GOSHEN — Goshen Community Schools officials Monday issued an anti-racism statement in response to the killing of George Floyd, a 46-year-old black man who died May 25 after pleading for air while a white Minneapolis police officer pressed his knee into Floyd’s neck.
But while thankful for the vocal commitment to anti-racism, some within the school corporation feel the statement does not go far enough to address the issues of racism and inequality within GCS and the greater Goshen community.
Distributed via email at around 5 p.m. Monday, the statement begins with a strongly-worded commitment by the school corporation to stand against racism whenever and wherever it is encountered.
“The current demonstrations in response to the death of George Floyd and the violence that has followed are expressions of shared frustrations felt after years of injustice, inequality and racism,” the statement reads. “Goshen Community Schools will always stand against and speak out against racism, and we stand against racism today by saying black lives matter. Silence only contributes to the problem.”
The statement goes on to note that the school corporation’s mission, “Inspiring Innovation … Empowering Potential … Enriching our World,” means that GCS supports all of its students and strives to make the world a better place for everyone.
“Goshen Community Schools recognizes the inequities that exist in our society and our country. We strive to make a difference in these inequities by supporting every student and creating a safe place for all students to learn and succeed,” the statement reads. “The people of Goshen Community Schools are committed to making a difference in this world. It is who we are. We know that it is our responsibility as educators to be part of both the short-term and long-term solutions.
“The perpetual acts of inequality and discrimination manifest as more than the acts themselves, taking a significant toll on the mental health and well-being of those impacted and our community,” the statement continues. “This stance of equity and anti-racism is embodied in the work of the Goshen Community Schools teaching staff every day.”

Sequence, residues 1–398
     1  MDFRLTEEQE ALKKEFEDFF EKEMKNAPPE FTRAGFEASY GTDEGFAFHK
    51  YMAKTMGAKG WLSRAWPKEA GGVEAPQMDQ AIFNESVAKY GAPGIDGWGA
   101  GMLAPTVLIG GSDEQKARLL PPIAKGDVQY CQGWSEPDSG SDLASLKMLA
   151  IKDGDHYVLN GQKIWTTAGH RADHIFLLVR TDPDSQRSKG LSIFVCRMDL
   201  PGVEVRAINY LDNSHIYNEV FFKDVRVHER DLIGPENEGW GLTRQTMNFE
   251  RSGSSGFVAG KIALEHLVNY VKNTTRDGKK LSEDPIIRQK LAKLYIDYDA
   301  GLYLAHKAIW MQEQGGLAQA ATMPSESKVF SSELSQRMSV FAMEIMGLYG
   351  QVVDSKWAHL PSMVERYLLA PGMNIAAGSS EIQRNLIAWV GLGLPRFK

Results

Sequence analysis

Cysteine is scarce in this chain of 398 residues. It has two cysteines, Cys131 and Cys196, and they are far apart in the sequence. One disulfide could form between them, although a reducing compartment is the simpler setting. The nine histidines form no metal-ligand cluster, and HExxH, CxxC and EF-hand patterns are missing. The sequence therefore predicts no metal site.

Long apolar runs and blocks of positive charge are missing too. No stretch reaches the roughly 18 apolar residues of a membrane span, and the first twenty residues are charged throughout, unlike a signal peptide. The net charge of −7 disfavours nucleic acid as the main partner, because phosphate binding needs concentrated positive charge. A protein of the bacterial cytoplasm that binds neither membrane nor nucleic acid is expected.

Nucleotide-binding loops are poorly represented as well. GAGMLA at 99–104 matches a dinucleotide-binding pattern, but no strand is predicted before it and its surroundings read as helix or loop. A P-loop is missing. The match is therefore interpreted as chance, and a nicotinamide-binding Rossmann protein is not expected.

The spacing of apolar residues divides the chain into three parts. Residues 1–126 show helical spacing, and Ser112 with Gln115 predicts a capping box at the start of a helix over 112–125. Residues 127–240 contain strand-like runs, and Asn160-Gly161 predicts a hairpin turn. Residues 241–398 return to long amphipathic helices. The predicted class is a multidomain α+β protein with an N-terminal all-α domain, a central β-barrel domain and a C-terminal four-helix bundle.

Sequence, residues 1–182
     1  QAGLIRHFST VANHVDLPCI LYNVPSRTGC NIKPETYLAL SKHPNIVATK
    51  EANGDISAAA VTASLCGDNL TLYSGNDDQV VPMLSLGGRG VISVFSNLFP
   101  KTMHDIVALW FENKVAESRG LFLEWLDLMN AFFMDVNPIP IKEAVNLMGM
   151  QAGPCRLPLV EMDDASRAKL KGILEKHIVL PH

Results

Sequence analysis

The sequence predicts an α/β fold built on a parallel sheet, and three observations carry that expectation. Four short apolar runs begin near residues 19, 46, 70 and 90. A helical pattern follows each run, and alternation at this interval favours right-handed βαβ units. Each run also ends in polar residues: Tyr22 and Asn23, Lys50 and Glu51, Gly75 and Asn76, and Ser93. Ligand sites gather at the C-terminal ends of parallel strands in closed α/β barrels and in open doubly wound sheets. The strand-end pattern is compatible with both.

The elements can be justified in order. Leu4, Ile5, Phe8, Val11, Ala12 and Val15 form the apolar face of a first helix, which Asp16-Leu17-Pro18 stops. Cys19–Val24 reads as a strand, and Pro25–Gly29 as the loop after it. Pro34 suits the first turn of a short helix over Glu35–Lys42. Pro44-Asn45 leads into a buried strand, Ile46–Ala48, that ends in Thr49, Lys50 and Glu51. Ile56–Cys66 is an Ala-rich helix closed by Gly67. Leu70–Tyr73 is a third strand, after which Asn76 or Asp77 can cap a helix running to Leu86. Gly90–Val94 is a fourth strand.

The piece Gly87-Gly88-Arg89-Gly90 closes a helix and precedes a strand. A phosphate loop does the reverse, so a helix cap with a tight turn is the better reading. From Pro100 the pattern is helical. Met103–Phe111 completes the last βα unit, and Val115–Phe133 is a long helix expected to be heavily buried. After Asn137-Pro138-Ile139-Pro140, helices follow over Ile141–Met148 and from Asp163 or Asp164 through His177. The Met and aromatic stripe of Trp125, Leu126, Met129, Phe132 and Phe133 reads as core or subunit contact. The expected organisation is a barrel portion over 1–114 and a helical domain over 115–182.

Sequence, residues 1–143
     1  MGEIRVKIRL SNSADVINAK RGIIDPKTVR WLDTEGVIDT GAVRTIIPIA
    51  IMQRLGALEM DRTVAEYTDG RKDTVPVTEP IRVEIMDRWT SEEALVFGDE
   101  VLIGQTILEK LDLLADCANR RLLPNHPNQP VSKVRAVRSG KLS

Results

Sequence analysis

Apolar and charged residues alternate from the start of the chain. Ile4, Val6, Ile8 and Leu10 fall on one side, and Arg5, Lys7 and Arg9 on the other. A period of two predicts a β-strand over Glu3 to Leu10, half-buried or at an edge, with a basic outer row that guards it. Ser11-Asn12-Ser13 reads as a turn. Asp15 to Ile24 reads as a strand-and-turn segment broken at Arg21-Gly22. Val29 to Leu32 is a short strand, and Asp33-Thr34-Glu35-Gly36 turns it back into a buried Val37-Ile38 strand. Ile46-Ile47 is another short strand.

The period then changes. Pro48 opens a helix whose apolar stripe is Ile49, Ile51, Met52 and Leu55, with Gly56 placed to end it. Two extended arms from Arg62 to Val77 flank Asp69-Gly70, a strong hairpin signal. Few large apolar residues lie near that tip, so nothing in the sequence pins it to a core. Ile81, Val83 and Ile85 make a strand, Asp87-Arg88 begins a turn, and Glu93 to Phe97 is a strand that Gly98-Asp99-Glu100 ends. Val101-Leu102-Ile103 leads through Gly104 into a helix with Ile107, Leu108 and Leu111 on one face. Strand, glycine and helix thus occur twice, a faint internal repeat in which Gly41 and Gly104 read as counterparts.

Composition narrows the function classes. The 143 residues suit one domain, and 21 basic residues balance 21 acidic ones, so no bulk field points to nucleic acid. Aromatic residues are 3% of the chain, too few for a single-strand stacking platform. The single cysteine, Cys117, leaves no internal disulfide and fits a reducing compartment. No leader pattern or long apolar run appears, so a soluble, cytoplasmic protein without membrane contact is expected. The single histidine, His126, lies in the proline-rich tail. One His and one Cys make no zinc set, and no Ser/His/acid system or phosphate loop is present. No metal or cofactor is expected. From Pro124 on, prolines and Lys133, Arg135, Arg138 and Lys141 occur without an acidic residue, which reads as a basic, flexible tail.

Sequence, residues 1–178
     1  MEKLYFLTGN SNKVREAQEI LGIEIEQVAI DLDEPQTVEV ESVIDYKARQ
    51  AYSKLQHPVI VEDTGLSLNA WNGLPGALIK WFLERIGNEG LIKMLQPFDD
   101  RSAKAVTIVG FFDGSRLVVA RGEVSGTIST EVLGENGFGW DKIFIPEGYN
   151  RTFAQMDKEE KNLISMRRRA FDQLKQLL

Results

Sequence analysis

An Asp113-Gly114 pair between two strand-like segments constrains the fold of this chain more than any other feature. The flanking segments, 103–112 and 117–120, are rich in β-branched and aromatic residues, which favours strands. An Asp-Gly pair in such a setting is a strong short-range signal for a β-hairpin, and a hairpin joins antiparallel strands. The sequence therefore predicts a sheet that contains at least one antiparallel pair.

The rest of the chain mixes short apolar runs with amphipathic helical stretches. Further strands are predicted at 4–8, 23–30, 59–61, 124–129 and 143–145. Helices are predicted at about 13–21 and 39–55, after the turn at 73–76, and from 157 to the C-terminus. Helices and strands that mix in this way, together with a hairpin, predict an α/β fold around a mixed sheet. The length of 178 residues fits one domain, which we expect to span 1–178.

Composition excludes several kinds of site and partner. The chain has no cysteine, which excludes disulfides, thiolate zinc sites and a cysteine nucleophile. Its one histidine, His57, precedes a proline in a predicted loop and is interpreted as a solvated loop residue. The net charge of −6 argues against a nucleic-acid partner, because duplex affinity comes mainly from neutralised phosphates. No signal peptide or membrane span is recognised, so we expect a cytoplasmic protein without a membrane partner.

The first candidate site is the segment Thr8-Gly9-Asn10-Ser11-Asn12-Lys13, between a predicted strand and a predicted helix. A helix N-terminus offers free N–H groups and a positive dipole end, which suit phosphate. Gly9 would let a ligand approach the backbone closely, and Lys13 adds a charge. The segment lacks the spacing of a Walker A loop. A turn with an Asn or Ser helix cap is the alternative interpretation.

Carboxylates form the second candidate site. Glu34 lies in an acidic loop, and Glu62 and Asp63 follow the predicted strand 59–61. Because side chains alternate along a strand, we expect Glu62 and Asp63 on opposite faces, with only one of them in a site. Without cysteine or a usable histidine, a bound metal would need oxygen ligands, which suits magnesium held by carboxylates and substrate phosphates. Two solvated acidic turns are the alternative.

The statement concludes by noting that the school corporation’s most critical goal is ensuring the safety and security of its students and the environment in which they learn and exchange ideas, which includes maintaining a strong relationship with local law enforcement.
“Every student in every classroom is part of a diverse and culturally sensitive community, where differences are acknowledged, valued and celebrated,” the statement reads. “We acknowledge that one of our greatest community partnerships is with the Goshen Police Department. We know and trust that all community leaders will stand with us in supporting and protecting everyone in the Goshen community.”
WHERE IS THE ACTION?
Not all who work under the umbrella of Goshen Community Schools feel the statement goes far enough, however.
Among them is Lavonne Shetler, a Goshen resident and English teacher at Goshen High School who spoke on the topic during a meeting of the Goshen school board Monday evening.